A recent talk by Adam Elga (Princeton University) at CUNY’s Graduate Center made me think a bit about what the author calls “suspiciously formed desires.”

For instance, suppose you suddenly find your old circle of friends stale and uninteresting, and begin to gravitate toward new people. But then you realize to your horror that the change in your social preferences just happened to coincide with the time you started taking anti-depressants (there are documented cases of this sort of effect on various aspects of one’s emotional life, see Chapter 11 of Answers for Aristotle).

Or, to use another of Elga’s examples, consider studies that show that subjects are more likely to call back a confederate for a proposed date if they have recently shared a disturbing experience — like walking on a suspended bridge — with said confederate. (Other examples, discussed in Answers, include being better predisposed toward a date if you are nursing a warm rather than a cold drink. Useful tip!)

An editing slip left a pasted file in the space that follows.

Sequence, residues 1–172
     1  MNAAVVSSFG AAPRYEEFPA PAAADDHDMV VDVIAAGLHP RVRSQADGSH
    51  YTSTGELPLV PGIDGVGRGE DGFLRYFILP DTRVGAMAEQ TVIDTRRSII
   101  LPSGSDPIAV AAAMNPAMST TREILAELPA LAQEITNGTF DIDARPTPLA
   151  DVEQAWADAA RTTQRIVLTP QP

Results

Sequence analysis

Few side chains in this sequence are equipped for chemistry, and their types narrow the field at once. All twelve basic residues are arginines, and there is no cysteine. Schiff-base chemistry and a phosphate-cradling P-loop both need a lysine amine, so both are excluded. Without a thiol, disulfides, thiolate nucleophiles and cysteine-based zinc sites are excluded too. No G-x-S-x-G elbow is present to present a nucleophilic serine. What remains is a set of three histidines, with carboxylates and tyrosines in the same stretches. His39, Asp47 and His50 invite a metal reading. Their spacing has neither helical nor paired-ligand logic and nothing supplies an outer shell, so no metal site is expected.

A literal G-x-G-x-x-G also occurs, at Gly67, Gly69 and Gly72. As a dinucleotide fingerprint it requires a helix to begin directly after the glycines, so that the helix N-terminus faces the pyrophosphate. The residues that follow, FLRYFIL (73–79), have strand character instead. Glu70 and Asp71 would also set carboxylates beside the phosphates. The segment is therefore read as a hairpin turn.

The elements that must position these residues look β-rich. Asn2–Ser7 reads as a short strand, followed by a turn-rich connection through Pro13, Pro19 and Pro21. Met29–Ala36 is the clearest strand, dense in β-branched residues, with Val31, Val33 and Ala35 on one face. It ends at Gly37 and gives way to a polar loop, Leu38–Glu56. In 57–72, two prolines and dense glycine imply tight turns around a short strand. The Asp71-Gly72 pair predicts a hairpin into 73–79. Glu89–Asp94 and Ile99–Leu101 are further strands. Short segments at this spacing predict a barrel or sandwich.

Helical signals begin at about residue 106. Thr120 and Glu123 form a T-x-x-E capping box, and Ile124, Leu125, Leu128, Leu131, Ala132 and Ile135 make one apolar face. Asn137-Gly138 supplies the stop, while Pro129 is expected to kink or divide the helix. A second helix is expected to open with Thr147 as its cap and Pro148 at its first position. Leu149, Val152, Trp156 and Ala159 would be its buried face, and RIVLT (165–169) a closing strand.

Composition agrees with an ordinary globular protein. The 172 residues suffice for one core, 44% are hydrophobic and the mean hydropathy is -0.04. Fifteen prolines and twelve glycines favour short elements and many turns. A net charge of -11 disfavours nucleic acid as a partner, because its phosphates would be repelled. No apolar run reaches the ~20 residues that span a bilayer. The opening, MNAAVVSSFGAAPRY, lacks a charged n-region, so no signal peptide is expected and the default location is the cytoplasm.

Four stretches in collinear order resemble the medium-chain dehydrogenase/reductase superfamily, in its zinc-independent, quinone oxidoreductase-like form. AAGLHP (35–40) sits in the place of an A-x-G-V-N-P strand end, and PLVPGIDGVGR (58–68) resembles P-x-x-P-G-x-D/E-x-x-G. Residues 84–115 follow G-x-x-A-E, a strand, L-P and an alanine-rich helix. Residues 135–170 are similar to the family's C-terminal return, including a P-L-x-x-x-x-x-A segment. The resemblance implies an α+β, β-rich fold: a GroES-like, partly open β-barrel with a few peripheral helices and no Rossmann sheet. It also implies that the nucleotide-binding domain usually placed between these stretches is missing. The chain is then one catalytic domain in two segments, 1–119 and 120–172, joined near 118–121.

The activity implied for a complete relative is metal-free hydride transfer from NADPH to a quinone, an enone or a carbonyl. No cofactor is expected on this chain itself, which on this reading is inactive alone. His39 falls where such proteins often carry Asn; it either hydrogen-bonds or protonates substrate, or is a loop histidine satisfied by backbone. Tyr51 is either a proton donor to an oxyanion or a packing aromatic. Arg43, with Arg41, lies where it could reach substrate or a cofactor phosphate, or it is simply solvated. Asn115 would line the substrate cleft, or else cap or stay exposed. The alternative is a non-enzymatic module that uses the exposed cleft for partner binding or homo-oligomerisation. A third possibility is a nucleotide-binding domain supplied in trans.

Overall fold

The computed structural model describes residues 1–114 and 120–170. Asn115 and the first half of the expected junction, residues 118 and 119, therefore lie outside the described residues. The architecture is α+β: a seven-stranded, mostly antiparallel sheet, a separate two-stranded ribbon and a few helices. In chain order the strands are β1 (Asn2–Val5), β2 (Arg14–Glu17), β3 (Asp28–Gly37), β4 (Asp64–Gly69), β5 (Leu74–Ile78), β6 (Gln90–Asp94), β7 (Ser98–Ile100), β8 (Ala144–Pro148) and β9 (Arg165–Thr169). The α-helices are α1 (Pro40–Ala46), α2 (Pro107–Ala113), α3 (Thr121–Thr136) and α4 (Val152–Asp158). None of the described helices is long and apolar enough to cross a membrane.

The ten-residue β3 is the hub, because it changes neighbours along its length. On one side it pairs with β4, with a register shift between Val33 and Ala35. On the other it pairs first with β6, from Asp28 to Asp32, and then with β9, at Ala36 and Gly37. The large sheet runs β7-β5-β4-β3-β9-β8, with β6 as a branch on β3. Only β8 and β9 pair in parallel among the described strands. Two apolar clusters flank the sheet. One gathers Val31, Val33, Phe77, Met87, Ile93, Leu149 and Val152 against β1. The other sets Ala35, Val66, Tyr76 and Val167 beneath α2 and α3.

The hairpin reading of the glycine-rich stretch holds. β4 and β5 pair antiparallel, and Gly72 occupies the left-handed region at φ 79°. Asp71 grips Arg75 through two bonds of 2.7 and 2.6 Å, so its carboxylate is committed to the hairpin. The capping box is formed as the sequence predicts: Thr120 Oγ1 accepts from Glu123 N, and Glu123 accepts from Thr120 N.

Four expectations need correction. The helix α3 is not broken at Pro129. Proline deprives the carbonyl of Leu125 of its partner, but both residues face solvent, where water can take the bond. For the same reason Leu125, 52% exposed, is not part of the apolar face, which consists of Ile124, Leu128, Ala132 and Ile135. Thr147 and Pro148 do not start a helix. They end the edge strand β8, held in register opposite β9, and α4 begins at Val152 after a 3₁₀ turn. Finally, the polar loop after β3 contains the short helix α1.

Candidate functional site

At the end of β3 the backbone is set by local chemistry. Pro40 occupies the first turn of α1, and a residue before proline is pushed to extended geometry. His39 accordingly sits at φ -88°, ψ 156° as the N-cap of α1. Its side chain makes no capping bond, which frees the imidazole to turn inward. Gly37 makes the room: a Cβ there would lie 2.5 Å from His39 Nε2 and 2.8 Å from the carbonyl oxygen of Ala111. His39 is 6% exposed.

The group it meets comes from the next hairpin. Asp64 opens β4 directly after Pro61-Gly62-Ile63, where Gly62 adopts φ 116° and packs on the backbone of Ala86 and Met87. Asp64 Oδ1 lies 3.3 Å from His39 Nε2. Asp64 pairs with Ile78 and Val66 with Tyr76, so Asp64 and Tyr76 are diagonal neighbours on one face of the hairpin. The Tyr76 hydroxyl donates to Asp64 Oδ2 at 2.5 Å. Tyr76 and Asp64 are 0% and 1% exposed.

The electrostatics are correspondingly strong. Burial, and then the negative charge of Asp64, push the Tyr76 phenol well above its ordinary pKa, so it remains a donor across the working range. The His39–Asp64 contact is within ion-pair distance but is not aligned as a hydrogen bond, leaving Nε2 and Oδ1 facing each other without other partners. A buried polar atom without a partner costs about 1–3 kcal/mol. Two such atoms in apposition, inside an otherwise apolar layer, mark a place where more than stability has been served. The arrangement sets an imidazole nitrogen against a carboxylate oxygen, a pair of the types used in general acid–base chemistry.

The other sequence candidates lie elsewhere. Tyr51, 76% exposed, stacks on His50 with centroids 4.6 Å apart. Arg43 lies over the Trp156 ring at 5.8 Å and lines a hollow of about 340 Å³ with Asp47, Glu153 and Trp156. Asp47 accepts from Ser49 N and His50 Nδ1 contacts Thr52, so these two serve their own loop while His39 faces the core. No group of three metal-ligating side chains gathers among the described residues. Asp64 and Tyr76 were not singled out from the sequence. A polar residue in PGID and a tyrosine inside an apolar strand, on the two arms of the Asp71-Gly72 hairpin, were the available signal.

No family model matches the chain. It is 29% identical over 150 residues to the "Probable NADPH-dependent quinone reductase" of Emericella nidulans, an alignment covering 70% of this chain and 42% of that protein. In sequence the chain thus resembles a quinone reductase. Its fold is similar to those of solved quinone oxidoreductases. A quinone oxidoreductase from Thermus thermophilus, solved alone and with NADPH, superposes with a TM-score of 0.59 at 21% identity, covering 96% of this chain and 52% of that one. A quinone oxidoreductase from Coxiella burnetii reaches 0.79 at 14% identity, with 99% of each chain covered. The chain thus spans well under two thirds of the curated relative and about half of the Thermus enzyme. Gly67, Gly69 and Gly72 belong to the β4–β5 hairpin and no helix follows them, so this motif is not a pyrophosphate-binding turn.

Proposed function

These sorts of situations, and many others, immediately lead people — if and when they find out — to be skeptical of their preferences precisely because the sources of such preferences seem suspicious. But philosophers being inclined to question the apparently obvious, Elga raised the issue of when, exactly, is finding out the source of a stated preference rational ground for reassessing that preference.

Elga rejects the tempting answer (when that preference derives from a suspicious source), thinking that there is more to the story. Indeed, he goes so far as to suggest that sources don't matter, and that the only rational grounds for reassessment are: